Signpost (Weber, Utah), 1978-10-241
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by Beverly Taggart Controversary between members of the Dee Events Center Policy Board surfaced last Thursday when students and administrators clashed over the kinds of groups who could perform there. United Concerts in Salt Lake City contacted the college a few weeks ago wanting to book Black Sabbath, a rock group to perform in the center. Director of Auxiliary Services Robert Ladd said he turned down United Concerts because they wanted an answer immediately over the telephone. ASWSC Cultural Affairs Vice Volume 39 Number 8 THE ADMIMSTRATIO.WS involvement in student concerts at the Oasis in Space "Oasis in space", a multimedia lecutre produced "especially for college audiences" by Jacques & Phillippe Cousteau will be presented by Bill Macdonald, Cousteau Society diver-photographer at this weeks convocation. The convocation is scheduled for Thursday at noon in the Val A. Browning Center Main Auditorium. Scott Applonie, Cultural Vice t:--slf'' ' V X;- . -'W . :.m i -f-:ir-.--&- i" .... w . ...... ........ I -c yy .---.v! ...... . """-OV; , - f. 'V J ' Km i Administration President Scott Applonie, said the students didn't have a choice in the matter, that the administration had already determined who could and could not perform. Early in the meeting, Dee Events Center Director Dale Gardner, said the Johnny Cash concert lost over $6,000, and the college was going to have to do something in order to make the center self-supporting. Applonie remarked the loss from the Captain and Tennille concert was between $500 and $1,500. Ladd suggested the way for the center to make money was to have more church related ac Dee Events Center may be questionable. WTio is to decide what President ASWSC said that the convocation will be preceeded by a showing of Cousteau Society films on Wednesday in the U.B. theater from 11 a.m. until 2 p.m. Political -"- JL forum Weber County two and four years commission candidates will be given a chance to speak to WSC students today at noon in the U.B. little theater. Candidates are : Four year commissioner race; Roberts F. Carver, Democrat, Boyd K. - - u says no Black Sabbath tivities. He said the name Black Sabbath turned him off. "My main concern," noted Ladd, "would be the facility damage to the center if we booked the group." Rex Leetham said the group was not "devil worshipers," it was only a hype to draw a crowd. "If you want to make money," he said, "you have to have groups like that." Applonie said the students would support concerts like that and Leetham noted the show was not an objectionable one. Gardner noted over a period of time, the college would bring something in that would appeal to October 24, 1978 groups pe rform and what ones don't Storey, Republican. Two year commissioner race; Bob Bowen, Republican, Ron Sescons, Democrat, and Robert A. Eldard, Independant candidate. Vet news Anchor rfont nf 1 Another grant of $77,085 has been received by the Office of Veteran's Affairs at Weber State College from the U.S. Office of Education to help support the veterans' program at WSC. Marvin J. Peterson, assistant dean for veterans affairs at WSC, said the money is to be used for such things as counseling, encouraging veterans to make use of their educational entitlement, providing outreach and placement services, etc. Peterson said he and his staff carry on an extensive campaign of telephone calls, personal visits and advertisements in the media to remind veterans of what is available to them. The WSC Veterans Office received the first grant in the series in 1974 and the one this year marks the sixth in the series. the whole community. Ladd remarked that the committee had to protect Weber State College. "We can't bring in something bad," he said. "The community would look down on us and it would destroy our reputation." Leetham noted Black Sabbath could make money. Ladd remarked that money is not the number one priority. "Is it really what the students want?" he asked. "Is Henry Mancini really what the students want?" Leetham replied. "We have to have a happy balance." Student Body President Greg Garfield said the committee couldn't leave it to the students on who to book at the center, that they had to look at the whole community. Garfield noted they had to use the center according to the wants and needs of the community. Applonie asked who was to have the final say on who comes to the center. Street festival will replace -coming parade by Linda Ferguson Staff Reporter A street festival on Washington Blvd. will replace the traditional Homecoming parade this year. Homecoming plans for next week are now being finalized, said Layton Smith, homecoming committee chairman. "Puttin' on the Ritz" is the theme of this year's homecoming, with emphasis on the twenties time period. Main events of homecoming week include Chitiri Arpi, a concert by four Russian harpists; Feline Follies, the alumni production; a film festival; a jazz stomp; fire works; a street festival downtown; the football game; and a dinner-Jance to close out the proceedings. The New York Harp Ensemble will present a concert in the Browning Center main auditorium. Ticket sales for the harp concert begin Oct. 23. The price for WSC faculty, staff and students is $2 with I.D. Card. Tickets can be obtained at the Eccles Community Art Center, ZCMI, and the Administration Building cashier. Feline Follies, the traditional alumni variety show, is scheduled for Nov. 2 at 8 p.m. in the Browning Center. "The show is extremely clever and vaudeville all the way," said Smith. "It features such songs as "Me and My Shadow," "Rollerskate Rag," and the extravaganza showstopper that stops all shows, "The Closing Curtain." Admission fee for Feline Follies is $1.50. Proceeds will go to the Primary Children's Hospital. A Valentino Film Festival will Gardner said, "If I feel il fits the mission of the college, then I can make a decision immediately, yes or no. The committee can also make decisions in determining who can or cannol appear in the Dee EventsCenter." Inside Today's Signpost Sports p. 10-12 Editorials p. 4 Faculty Survey p. 9 German TV p. 5 run several times Nov. 3. Movies featuring Rudolph Valentino will be shown starting at 8 a.m. and again at 7 p.m. Films will be shown in the UB theater and are free to students. Later that day a jazz stomp in the ballroom at 8 p.m. will be held. Lasting all night, the music will be presented in a disco fashion. The stomp is free to students. Fireworks will be shown at 9: 30 p.m. on Nov. 3 at the Lindquist Plaza. Smith said, "The fireworks show will be quite large with a lot of pizzazz." The street festival held on Washington Blvd. will replace the traditional parade. This open house will feature all the different departments of WSC and what they do. "For example," Smith explained, "the technical education department plans to bring a semi-engine down and take it apart." The festival will be held from 9 a.m. to noon Nov. 4. At 10:30 a.m., an entourage of old cars from the Twenties will drive around with President Brady, the homecoming queen and other dignitaries. At various times mock shootouts, featuring molls and gangsters, will occur. Smith says many, other surprizes are planned for that morning. The traditional alumni banquet will be held at 7:30 p.m. Nov. 4 in the union building. A jazz pianist will entertain during dinner. A dance following the dinner will be held in the ballroom. It will start at 9 p.m. Tickets for the dinner and dance cost $4.75 and $1.50 for the dance alone. Reservations must be made for the dinner by Nov. 1 by calling 626-6567. The public is invited.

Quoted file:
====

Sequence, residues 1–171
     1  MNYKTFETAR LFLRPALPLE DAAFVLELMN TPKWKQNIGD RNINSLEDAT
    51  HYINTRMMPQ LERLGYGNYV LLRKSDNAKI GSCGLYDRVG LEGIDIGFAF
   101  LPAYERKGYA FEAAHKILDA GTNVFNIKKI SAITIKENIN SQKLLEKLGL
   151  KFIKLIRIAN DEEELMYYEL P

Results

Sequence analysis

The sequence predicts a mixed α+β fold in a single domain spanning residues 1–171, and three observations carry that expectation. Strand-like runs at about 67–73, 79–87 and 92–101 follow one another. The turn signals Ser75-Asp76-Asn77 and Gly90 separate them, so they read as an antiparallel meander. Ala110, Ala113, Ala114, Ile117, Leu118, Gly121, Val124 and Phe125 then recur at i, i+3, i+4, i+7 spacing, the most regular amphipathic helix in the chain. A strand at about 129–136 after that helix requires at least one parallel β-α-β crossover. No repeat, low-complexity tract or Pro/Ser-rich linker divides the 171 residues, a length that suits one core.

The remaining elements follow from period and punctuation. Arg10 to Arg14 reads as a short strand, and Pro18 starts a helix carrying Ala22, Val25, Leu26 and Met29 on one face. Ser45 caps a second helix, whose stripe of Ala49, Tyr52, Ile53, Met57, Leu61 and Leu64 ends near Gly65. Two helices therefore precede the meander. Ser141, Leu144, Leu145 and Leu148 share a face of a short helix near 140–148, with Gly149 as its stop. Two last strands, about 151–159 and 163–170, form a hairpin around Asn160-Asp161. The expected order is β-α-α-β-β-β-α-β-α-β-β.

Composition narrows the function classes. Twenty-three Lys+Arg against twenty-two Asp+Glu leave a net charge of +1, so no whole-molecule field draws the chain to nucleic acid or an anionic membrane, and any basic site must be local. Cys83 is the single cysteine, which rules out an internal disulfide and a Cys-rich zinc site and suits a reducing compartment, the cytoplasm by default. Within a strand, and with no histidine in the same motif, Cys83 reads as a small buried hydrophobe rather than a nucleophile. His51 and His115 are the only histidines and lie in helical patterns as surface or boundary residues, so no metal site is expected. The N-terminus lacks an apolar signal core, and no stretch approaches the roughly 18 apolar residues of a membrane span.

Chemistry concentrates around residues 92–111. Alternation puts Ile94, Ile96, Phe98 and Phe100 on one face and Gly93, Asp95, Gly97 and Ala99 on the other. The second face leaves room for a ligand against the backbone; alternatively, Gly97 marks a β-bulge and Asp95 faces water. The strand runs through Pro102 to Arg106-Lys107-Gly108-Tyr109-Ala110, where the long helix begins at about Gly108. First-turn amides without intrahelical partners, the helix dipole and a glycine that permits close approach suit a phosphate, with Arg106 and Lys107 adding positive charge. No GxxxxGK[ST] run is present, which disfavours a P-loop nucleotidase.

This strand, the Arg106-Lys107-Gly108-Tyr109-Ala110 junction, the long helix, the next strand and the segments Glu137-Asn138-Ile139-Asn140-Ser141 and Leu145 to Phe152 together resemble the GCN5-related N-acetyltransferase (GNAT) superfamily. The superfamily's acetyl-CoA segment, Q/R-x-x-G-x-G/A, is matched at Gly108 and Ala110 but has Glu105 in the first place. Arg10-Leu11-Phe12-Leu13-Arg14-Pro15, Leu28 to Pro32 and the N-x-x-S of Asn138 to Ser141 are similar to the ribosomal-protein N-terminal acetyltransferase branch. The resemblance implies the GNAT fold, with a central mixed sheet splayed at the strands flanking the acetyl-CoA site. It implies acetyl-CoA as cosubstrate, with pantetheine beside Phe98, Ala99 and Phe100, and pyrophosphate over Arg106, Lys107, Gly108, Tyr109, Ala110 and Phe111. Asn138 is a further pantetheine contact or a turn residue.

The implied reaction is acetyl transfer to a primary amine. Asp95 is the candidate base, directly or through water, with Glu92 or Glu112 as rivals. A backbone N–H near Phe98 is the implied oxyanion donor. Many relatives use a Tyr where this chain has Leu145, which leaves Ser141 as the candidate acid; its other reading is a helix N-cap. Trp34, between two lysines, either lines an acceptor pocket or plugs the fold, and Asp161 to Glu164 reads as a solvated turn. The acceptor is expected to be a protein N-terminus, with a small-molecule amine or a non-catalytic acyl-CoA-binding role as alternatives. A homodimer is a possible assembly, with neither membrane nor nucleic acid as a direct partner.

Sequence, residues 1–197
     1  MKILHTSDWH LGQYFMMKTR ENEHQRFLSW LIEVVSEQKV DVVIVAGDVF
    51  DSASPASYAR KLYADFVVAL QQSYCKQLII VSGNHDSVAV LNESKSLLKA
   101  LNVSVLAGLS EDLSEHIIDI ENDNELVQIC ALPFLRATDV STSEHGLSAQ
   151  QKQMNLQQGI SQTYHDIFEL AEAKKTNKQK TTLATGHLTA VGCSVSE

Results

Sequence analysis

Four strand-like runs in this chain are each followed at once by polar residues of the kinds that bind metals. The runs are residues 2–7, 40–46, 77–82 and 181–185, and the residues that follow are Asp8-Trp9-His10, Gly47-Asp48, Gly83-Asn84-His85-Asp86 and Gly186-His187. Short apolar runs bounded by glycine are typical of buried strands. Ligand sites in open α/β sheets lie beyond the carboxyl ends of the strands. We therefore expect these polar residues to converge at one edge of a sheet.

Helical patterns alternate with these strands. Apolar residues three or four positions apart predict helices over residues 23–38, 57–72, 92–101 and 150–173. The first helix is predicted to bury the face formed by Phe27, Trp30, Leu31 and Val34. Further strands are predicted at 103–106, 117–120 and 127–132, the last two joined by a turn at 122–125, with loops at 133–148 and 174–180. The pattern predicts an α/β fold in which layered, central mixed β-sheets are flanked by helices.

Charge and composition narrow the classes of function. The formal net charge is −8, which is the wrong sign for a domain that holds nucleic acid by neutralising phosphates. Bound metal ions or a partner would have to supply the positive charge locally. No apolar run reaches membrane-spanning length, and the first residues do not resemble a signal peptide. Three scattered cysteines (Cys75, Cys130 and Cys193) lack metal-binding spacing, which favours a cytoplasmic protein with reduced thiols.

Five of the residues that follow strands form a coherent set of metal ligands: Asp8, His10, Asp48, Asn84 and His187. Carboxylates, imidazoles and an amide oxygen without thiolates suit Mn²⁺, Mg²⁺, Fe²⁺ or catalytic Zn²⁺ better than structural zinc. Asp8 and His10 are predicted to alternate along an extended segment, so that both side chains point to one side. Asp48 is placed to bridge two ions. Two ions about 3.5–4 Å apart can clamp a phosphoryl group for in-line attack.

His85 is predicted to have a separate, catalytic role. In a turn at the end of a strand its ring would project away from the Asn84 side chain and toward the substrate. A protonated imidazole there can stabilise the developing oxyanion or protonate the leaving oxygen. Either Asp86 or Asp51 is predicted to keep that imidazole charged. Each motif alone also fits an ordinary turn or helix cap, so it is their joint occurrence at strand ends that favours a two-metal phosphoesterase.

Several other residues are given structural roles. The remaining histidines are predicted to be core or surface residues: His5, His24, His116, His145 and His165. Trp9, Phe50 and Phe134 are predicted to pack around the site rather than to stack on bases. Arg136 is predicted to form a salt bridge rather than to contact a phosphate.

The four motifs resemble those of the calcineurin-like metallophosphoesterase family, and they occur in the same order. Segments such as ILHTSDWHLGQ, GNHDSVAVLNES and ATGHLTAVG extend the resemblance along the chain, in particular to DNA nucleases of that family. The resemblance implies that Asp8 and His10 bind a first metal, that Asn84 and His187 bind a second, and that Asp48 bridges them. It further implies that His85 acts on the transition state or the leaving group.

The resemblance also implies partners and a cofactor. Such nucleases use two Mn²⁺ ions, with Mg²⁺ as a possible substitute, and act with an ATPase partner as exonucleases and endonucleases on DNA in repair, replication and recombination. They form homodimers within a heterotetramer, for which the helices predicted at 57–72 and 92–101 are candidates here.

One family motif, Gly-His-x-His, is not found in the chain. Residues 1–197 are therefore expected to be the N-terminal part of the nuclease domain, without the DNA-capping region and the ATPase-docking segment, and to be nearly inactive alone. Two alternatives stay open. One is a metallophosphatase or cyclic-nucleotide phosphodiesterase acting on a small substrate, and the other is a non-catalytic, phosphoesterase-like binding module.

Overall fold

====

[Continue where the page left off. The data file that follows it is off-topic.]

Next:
|Title||Signpost (Weber, Utah), 1978-10-24, Vol. 39, No. 8|
|Creator||Weber State College|
|Contributors||Associated Students of Weber College; A generous grant from the Utah State Library and the Institute of Museum and Library Services.|
|Description||Weber's current student newspaper, the Signpost, first appeared on September 29, 1937. For two years prior to that time, campus news was disseminated via announcements posted on a bulletin board known as the "Signpost". As a result, the masthead of the first issue of the paper itself featured a rudimentary wooden sign with the title spelled out in rustic-looking letters. Over the years the paper has been published continuously, though the look, size and style has changed several times.|
|Subject||College student newspapers and periodicals; Weber State College|
|Publisher Digital||Stewart Library, Weber State University|
|Source||University Archives LD5893.W55 S5, Stewart Library, Weber State University|
|Rights Management||Public Domain. Courtesy of University Archives, Stewart Library, Weber State University.|